Our film and media correspondent, Khalid Ali, reviews Sheikh Jackson (Egypt 2017), directed by Amr Salama
Showing at the London Film Festival (LFF), 5, 7, and 12th October 2017
Amr Salama is no stranger to the LFF; his films Asmaa, and Excuse My French showed at the LFF in 2011 and 2014 respectively to great critical and audience reception. In Asmaa, he challenged the unprofessional attitude of some doctors in denying a woman living with HIV a gall bladder operation for fear of contracting the disease. Secular confrontation in Egypt and its impact on children was the theme of Excuse My French. In his latest film Sheikh Jackson, Salama throws his net wider to tackle a multitude of issues from father-son relationships, to midlife crisis, to religion and mortality. The central character (played by Ahmad Alfishawy) is a middle aged Islamist with extremist beliefs who remains nameless for most of the film. He denounces music, dance and television as ‘the devil’s weapons of temptation’. As a child he was a totally different character; a hapless kid daydreaming of a ‘romantic liaison’ with the school’s sweetheart, and at night secretly idolising Michael Jackson.
The day the ‘King of Pop’ died in 2009 becomes a turning point, when as a responsible adult and father he begins to question his religious and moral convictions. Auditory and visual hallucinations start to dominate his life. Struggling with lack of sleep, anhedonia, and ‘inability to cry’, he seeks psychiatrist help. On the ‘psychiatrist couch’, he reflects on his childhood and adolescence traumas, his volatile relationship with his abusive father, and the loss of his kind mother who died young. Through these flashbacks, we see his transformation from a fun-loving teenager ‘moon-walking’ to Michael Jackson’s ‘Dangerous’ tune to a radicalised preacher.
The storyline is built like a jigsaw where the pieces of the puzzle are tantalisingly told which demands repeated viewings to appreciate its significance and complexity. A fascination with psychoanalysis runs throughout the film in its exploration of several mental health ailments; from ‘parental alienation syndrome’ to ‘separation anxiety disorders’, to ‘celebrity worship syndrome’ and depression. Cognitive behaviour therapy, aka the talking therapy, holds the key in helping the protagonist to come to terms with his identity crisis.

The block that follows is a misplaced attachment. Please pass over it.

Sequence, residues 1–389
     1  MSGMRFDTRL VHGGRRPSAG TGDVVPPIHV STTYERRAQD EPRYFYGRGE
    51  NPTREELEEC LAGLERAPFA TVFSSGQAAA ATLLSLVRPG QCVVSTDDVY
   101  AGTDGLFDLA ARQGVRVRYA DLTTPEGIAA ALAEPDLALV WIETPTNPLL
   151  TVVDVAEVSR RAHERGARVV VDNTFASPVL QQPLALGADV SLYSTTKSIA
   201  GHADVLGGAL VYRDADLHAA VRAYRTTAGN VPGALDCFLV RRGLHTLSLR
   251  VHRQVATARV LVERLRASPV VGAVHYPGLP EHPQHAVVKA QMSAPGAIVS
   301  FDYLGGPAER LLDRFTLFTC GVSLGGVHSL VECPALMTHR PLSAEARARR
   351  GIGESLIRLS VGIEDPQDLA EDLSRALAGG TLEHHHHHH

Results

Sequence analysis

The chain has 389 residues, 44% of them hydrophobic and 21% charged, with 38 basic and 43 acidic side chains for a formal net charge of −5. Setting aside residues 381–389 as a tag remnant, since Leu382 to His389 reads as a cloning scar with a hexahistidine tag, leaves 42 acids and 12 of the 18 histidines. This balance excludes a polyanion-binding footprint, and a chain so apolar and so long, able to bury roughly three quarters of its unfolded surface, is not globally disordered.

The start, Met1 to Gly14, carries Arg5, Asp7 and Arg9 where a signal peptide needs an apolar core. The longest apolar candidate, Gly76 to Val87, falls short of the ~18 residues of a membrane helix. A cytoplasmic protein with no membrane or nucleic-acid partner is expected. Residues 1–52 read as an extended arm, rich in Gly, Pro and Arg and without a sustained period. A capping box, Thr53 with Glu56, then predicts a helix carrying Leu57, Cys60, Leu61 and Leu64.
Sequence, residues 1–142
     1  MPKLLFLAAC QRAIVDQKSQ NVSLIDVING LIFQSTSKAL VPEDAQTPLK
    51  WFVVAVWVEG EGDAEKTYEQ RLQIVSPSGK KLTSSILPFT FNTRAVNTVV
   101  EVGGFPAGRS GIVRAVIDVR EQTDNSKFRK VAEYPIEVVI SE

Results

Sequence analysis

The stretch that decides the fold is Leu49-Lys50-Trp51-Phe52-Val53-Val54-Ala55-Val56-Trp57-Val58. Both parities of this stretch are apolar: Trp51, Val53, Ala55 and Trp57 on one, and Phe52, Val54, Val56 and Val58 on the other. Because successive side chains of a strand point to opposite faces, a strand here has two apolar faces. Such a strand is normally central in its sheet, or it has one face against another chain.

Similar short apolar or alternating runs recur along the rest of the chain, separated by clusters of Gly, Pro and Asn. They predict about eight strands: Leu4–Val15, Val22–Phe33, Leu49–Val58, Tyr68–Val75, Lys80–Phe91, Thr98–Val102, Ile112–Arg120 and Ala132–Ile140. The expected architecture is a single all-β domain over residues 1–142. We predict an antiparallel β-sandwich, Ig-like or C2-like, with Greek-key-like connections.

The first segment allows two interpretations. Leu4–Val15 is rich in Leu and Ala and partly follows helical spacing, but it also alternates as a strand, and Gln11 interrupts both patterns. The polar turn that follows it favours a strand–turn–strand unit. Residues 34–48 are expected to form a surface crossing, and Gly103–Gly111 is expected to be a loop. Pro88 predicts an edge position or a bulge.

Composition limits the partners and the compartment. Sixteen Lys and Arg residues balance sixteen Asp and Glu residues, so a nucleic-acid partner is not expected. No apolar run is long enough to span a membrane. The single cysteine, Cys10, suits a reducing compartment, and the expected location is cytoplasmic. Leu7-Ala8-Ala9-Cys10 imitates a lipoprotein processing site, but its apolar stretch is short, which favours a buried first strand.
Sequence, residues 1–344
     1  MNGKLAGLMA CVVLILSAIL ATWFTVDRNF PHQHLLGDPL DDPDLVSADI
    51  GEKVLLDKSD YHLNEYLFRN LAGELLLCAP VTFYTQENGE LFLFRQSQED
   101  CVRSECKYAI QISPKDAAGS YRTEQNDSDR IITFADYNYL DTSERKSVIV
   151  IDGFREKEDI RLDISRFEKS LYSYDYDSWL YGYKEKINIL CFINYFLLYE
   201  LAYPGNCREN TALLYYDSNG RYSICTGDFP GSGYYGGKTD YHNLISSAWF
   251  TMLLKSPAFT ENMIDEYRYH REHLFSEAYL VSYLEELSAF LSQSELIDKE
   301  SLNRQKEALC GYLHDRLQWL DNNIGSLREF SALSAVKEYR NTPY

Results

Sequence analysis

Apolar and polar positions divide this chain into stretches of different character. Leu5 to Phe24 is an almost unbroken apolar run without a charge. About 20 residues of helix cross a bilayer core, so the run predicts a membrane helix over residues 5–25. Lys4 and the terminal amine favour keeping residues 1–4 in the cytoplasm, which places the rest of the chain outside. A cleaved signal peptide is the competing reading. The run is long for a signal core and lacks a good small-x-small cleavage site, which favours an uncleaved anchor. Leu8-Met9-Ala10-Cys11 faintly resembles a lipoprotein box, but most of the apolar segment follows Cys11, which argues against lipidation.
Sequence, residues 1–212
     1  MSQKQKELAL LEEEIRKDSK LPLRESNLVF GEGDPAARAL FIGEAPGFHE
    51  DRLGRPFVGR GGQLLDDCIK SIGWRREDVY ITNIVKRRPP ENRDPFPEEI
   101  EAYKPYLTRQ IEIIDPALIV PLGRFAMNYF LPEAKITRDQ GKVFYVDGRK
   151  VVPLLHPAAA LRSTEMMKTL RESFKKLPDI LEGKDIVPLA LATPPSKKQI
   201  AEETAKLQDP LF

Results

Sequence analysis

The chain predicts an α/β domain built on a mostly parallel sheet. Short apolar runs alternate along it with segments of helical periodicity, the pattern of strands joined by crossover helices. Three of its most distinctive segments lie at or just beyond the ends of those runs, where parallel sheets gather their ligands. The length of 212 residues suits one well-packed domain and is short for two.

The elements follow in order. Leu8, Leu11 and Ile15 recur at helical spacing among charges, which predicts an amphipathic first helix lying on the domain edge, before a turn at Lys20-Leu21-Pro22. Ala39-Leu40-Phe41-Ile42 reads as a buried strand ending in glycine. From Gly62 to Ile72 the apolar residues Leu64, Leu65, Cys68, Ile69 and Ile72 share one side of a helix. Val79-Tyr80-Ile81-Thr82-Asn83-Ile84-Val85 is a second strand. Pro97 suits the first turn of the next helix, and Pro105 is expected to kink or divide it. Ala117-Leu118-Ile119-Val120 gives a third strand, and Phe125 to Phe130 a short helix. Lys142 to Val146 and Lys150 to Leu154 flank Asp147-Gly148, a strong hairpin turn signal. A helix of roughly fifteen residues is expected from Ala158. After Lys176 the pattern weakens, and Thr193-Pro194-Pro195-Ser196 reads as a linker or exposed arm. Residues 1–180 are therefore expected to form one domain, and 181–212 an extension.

A recent study from the British Police suggests that depression and loneliness are common traits in radical extremists. Ahmad Alfishawy as the marginalised fundamentalist embodies those emotions of social isolation and hopelessness in a nuanced and heartfelt performance. Another stand-out performance comes from Maged El Kedwany as the abusive self-centred father.
There are several historical, cultural, and mystical cult references that run throughout the narrative for the discerning viewer. Inability to cry as a metaphor for joyless existence, with tears signifying life and reincarnation has its roots in the story of Isis, the Egyptian Goddess whose floods of tears brought life back to her beloved brother and husband Osiris.
The choice of Michael Jackson’s CD ‘Dangerous’ (1991) with its enigmatic cover provides a myriad of interpretations connecting the film’s troubled Egyptian hero to Michael Jackson. The album cover, designed by Mark Ryden features the notorious British author, poet and occultist Aleister Crowley, and hints towards ‘worshipping Satan’ as a means to get to the top of the music industry. It is interesting to note that Aleister Crowley, founder of the Thelema cult, wrote The Book of the Law describing those ‘satanic beliefs’ in 1904 when he was in Egypt. In some scenes in the film, music is referred to as ‘the psalms of Satan’. The eyes of Michael Jackson staring from behind a mask, in the album cover, has its counterpart in the protagonist’s inability to cry. The chaotic circus represents loss of control and faltering grip on reality that the film’s lead is going through.
Salama challenges the reasons why ‘extremists’ denounce art and culture in today’s society, and makes his own ideologies clearly known. Music, dance and art are crucial to our mental health and well-being by providing an outlet for self expression and creativity whatever our religious or cultural backgrounds are. In a poignant scene, the viewer is reminded of two classic scenes from The Lives of Others (2006) , and The Shawshank Redemption (1994) . In those iconic scenes, Gerd Wiesler and Andy Dufrense connect meaningfully with music and its magical ability to transform the lives of the most isolated and troubled souls. Finding balance and equilibrium in our world today is a formidable challenge, however our compass in that eternal search lies in liberating our minds and senses.
The film occasionally loses its focus by trying to juggle several thought-provoking subjects; some viewers might find it hard to follow simultaneously three stories in different time lines. It is also a real shame that Michael Jackson’s original music does not feature in the film; the spell of those iconic melodies and their legacy are hard to recreate with a new music score imitating such popular tunes. Still, Sheikh Jackson remains an important film to watch; persevere with it till the finale where the name of the troubled hero will be revealed, and his soul-searching journey comes to an end. You will be rewarded with a cinematic moment that will stay under your skin for a long time to come.